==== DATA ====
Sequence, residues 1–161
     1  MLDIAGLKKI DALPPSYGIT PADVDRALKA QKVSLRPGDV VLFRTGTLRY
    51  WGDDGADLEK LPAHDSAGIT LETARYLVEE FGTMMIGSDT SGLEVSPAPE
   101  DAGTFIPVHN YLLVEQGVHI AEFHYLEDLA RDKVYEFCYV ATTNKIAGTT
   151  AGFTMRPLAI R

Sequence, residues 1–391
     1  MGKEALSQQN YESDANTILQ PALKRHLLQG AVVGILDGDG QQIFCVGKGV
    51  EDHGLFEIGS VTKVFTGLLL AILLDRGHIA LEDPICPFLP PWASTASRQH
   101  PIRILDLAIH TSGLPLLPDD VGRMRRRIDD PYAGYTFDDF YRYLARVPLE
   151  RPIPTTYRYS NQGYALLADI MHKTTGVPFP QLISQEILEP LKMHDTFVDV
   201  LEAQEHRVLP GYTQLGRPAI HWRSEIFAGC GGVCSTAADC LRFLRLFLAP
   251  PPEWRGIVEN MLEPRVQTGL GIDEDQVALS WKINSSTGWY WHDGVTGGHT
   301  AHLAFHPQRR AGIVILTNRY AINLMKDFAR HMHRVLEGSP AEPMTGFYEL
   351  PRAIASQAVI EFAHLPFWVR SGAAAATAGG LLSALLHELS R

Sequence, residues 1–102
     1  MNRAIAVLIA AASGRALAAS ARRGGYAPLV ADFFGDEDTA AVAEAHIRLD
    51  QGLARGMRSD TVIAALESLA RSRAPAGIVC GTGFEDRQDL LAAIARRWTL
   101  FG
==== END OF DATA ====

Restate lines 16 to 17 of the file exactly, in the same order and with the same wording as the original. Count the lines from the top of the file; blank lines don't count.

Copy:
     1  MNRAIAVLIA AASGRALAAS ARRGGYAPLV ADFFGDEDTA AVAEAHIRLD
    51  QGLARGMRSD TVIAALESLA RSRAPAGIVC GTGFEDRQDL LAAIARRWTL